Well done oldies, if the study is accurate. At least we’re good at something…

In the meantime a Merry Christmas and a happy New Year to my loyal readers.


Jane Haynes can’t stop getting reviews. The latest, by Rebecca Wallersteiner, is on the medical blogsite, The Hippocratic Post and here it is:

‘ Relational psychotherapist Jane Haynes’s compelling new book, If I Chance to Talk a Little Wild, uses both ;personal and clinical experiences to explore complex issues such as parenting, emotional and sexual, abuse and unresolved conflict and is full of fascinating case histories and anecdotes. The memoir vividly explores Haynes’s early life and complex relationship with her mother who suffered a nervous breakdown. Haynes also writes about her own struggles with IBS and panic attacks and juggling motherhood with a successful career as a psychotherapist. In recent years, watching her grandchildren grow up, particularly her youngest grandchild, Bell, aged seven, has inspired her to “think more about the mysteries and magic of child development”. Her entertaining, unpredictable book is filled with literary references and discussion of the author’s controversial first mentor, the legendary R.D. Laing and his wife. An unconventional and enlightening read, full of quirky detail and literary references, with a chapter on Proust, that makes you think, even if you don’t agree with all of it. I tremendously enjoyed it, although I skipped parts of it.’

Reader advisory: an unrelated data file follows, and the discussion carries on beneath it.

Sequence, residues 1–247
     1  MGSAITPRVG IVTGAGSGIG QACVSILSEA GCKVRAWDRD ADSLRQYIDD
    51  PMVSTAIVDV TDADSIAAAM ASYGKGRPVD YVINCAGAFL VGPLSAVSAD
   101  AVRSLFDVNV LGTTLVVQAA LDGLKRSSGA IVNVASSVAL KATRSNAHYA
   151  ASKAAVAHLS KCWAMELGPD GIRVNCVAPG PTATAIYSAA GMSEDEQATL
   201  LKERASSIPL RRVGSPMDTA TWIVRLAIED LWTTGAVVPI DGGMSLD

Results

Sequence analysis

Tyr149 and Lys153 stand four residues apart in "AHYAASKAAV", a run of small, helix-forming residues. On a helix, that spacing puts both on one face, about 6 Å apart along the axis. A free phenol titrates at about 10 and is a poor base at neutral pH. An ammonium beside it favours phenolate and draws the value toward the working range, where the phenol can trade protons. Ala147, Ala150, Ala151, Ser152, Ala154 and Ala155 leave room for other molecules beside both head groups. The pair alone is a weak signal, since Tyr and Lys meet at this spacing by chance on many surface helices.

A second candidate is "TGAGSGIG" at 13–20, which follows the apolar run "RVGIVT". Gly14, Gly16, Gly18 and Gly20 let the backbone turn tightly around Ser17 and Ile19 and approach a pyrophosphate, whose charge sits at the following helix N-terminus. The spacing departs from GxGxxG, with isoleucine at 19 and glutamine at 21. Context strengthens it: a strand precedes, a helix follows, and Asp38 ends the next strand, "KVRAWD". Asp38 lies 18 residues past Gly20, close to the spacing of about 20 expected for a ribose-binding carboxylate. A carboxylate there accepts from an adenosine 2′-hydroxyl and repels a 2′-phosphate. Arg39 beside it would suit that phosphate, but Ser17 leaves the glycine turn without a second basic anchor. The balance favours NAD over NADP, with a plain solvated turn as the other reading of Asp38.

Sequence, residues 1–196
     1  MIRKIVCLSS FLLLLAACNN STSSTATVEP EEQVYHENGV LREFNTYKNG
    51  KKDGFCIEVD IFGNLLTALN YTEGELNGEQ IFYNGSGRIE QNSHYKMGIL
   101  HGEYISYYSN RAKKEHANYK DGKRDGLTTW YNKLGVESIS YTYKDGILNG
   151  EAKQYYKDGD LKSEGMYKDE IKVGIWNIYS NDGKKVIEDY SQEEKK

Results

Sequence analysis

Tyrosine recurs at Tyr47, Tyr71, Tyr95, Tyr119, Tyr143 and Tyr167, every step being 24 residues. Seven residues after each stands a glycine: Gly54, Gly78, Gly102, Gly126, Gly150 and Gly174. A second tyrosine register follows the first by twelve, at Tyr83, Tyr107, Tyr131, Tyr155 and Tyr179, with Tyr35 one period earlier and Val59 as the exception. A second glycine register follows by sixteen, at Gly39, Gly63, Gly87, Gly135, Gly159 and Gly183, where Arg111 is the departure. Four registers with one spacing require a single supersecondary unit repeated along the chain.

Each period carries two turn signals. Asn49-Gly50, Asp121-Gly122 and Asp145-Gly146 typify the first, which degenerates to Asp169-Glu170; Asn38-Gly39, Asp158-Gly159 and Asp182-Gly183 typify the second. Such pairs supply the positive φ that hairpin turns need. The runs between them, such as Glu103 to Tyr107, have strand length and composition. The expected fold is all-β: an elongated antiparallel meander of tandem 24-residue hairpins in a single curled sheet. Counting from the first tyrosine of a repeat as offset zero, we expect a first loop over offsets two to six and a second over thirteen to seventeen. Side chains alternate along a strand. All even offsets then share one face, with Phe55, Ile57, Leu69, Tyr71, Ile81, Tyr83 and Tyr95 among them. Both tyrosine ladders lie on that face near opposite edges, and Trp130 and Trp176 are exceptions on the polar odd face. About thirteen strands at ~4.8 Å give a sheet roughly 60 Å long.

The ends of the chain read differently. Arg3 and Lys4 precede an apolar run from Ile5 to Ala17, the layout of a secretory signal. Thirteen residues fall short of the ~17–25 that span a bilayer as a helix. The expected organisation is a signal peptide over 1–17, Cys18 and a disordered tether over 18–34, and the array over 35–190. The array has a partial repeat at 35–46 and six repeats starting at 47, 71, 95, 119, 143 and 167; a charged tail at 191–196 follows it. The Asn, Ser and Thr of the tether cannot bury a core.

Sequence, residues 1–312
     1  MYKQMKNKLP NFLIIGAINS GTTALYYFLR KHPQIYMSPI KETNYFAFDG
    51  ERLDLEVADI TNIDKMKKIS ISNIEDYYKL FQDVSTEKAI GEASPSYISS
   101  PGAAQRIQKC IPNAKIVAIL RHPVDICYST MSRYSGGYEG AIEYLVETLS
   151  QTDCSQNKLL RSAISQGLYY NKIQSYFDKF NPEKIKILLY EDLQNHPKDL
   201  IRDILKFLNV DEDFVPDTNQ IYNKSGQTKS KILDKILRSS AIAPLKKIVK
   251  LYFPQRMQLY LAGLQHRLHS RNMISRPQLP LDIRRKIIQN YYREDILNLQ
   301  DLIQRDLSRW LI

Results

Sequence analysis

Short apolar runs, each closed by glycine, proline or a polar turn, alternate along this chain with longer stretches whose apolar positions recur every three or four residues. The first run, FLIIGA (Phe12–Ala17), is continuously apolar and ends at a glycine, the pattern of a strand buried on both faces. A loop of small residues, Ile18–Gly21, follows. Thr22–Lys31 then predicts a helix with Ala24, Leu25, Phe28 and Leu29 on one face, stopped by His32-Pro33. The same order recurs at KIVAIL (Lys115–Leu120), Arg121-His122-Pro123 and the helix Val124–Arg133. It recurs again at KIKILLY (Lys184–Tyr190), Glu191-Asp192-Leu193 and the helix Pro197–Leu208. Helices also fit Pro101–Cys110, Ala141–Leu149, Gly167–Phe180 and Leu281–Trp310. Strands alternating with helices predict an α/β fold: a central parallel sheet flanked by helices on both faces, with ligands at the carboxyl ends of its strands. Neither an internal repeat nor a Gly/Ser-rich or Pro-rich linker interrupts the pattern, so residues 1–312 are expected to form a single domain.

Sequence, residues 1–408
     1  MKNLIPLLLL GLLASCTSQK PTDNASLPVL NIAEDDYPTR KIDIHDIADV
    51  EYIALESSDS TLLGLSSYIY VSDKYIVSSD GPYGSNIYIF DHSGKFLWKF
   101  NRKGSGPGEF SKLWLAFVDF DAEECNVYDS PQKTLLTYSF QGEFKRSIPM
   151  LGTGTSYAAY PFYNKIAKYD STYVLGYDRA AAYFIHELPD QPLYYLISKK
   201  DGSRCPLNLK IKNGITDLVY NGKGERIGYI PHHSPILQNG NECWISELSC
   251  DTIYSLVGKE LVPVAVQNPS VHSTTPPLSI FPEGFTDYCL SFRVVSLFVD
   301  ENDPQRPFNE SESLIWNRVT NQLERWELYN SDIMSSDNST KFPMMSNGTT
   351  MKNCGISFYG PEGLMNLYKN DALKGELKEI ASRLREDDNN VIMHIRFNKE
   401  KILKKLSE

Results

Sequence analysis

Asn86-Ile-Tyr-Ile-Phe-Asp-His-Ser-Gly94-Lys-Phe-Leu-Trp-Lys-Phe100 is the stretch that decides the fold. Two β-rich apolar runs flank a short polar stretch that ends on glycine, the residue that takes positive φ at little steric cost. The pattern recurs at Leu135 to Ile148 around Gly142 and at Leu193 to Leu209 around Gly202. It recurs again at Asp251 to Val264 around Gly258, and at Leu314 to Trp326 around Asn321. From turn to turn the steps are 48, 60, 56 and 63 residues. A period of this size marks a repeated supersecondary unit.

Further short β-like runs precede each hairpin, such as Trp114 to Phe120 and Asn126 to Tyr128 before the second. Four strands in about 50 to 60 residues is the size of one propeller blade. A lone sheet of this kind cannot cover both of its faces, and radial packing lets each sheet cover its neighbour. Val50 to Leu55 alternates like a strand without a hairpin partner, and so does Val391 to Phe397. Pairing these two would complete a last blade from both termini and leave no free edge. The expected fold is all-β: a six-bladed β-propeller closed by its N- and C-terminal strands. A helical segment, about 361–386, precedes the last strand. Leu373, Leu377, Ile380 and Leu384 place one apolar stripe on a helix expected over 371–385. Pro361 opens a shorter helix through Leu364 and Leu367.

What a delight to find an honest reviewer!

But for us poor publishers we need to sell the book for two obvious reasons. Firstly, because it is an honest and revealing book and secondly, it encourages us to continue our support for authors like Jane who are consistent in their fight to defy the Establishment when need be. Hence, your contribution when buying this marvellous book is an added tonic.



Exciting news! What will surely be one of the blockbuster art exhibitions of next year was announced in last week’s Evening Standard after a press release from the National Portrait Gallery. 160 years after the first pictures were exhibited by the Pre Raphaelite Brotherhood in 1849, an exhibition – ‘Pre-Raphaelite Sisters’ – will open at the NPG on 17 October 2019 and run until 26 January 2020.

The exhibition explores the overlooked contribution of twelve women who were connected to the artistic movement in different ways. Featuring new discoveries and unseen works from public and private collections across the world, the exhibition reveals the women behind the pictures and their creative roles in the Pre-Raphaelite’s successive phases between 1850 and 1900.